This ancient and puzzling deity is often confused with Thor – the thunder god of neighboring Sweden and Norway. However, Ukko is both different and quite older than Thor. Finland’s people, as a whole, had an entirely different religion and culture to their other Scandinavian neighbors and Ukko is just one example of many.
The Norse religion is much more popular today because medieval Christian scholars had written a fair bit about (their perception of) the Nordic people, as they had to deal with regular Viking raids. The people of Finland, however, were less involved in Western Europe’s affairs, which is why there isn’t much written or known about their pagan religion today.
The thunder god Ukko is nevertheless one deity we know a fair bit about. Like the Norse Thor, Ukko was a god of the sky, weather, thunderstorms, as well as of the harvest. Another name for him is believed to be Ilmari – an even older and less-known Finnic thunder god.
Both Ilmari and Ukko are similar to a myriad other thunder gods from across Europe and Asia – the Slavic Perun, the Norse Thor, the Hindu god Indra, the Baltic Perkūnas, the Celtic Taranis, and others. Such similarities are not surprising given that many Proto-Indo-European cultures were nomadic and traversed the two continents frequently.
The Finnic people believed that Ukko caused thunderstorms either by striking the sky with his hammer, the Ukonvasara, or by making love to his wife Akka (translated as “old woman”). He also caused thunderstorms by riding across the sky on his chariot drawn by goats (just like Thor).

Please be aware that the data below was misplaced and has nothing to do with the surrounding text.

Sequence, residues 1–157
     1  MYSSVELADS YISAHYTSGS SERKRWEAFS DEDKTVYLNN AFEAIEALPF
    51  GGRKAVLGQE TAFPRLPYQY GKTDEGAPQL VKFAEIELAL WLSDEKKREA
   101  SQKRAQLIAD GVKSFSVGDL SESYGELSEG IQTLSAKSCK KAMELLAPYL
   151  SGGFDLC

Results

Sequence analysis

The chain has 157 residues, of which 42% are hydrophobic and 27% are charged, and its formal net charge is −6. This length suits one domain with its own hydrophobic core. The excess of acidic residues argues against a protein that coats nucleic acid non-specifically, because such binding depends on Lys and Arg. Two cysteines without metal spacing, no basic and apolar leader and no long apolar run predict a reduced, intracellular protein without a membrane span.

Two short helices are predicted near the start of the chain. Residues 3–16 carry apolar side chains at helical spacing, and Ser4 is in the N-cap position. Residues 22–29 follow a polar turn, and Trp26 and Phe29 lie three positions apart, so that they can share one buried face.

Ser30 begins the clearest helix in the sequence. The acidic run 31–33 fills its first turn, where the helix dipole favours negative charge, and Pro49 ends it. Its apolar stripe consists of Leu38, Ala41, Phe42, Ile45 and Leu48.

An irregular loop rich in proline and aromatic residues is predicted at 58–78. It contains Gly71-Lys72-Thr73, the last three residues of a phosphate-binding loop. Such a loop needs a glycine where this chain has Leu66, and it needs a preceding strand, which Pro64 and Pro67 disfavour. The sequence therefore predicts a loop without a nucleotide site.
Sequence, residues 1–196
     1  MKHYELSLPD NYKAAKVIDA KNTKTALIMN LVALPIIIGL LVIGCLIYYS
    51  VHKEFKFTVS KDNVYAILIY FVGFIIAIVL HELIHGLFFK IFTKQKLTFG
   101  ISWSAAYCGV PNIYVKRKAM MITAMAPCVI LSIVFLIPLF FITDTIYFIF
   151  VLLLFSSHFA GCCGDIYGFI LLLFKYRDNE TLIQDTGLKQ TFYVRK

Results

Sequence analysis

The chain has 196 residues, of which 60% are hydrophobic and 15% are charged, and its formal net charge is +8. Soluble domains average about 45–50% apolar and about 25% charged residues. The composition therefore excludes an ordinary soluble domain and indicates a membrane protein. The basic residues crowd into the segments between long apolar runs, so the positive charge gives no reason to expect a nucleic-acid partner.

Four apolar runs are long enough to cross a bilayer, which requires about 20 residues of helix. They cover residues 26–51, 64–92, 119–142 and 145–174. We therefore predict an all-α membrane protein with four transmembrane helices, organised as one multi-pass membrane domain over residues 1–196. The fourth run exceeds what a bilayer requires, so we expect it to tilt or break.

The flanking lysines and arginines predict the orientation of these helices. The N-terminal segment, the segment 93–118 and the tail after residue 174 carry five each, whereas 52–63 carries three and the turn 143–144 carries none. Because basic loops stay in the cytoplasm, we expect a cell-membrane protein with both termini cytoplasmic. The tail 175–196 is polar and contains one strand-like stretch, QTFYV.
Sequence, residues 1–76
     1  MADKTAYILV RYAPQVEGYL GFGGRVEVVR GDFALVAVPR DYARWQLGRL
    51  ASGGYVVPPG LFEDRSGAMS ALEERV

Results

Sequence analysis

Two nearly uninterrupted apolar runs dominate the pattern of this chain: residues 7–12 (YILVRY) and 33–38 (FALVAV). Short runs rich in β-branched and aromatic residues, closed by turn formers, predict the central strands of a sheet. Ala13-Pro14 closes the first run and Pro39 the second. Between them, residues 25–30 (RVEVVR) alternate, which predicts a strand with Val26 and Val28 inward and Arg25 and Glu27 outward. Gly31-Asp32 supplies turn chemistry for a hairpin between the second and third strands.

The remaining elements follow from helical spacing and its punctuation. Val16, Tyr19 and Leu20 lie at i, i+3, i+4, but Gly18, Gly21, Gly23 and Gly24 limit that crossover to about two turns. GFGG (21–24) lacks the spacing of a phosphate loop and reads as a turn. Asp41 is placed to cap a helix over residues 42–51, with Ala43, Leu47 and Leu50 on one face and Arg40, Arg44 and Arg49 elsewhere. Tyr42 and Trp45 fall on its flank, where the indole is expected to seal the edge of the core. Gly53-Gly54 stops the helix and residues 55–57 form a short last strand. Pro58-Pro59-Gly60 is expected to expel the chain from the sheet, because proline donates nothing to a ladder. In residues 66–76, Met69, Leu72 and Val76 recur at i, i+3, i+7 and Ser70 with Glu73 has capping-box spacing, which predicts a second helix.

Symbolism of Ukonvasara
A mighty weapon for a mighty god is only fitting and it perfectly symbolizes how people in ancient times viewed thunder and thunderstorms – like a giant hammer banging on the sky.
It is a common misconception to view such hammers as just fantastical, impractical, and mythological weapons. Hammers such as Ukonvasara were also used as weapons of war both during the Stone Age when more refined weapons were impossible to make, as well as in later ages when their brute force was still invaluable against armor.
Granted, war hammers do require peak physical strength but that further goes to show how amazingly strong Ukko is.
Importance of Ukonvasara in Modern Culture
Unfortunately, Ukonvasara is not nearly as popular in modern pop culture as its Norse counterpart Mjolnir. And the Finnish people can hardly blame the rest of us for that given that there aren’t as many preserved written myths and texts as there are about the Norse god of thunder.
Still, there is one particularly recent and highly popular piece of media that raised Ukonvasara’s popularity in many people’s eyes – the video game Assassin’s Creed: Valhalla. Using a Finnish god’s weapon in a Norse-themed story isn’t entirely accurate but it’s not all that much out of place either. From what we know about the game, the in-game Ukonvasara weapon is exceedingly powerful and potent which is just how it should be portrayed.
Little is known about the Ukonvasara hammer in comparison to most other great mythological weapons. However, it is an impressive symbol for a great weapon, and it does tell us a lot about the formation of the pagan Finnish religion and culture, as well as about its neighboring religions.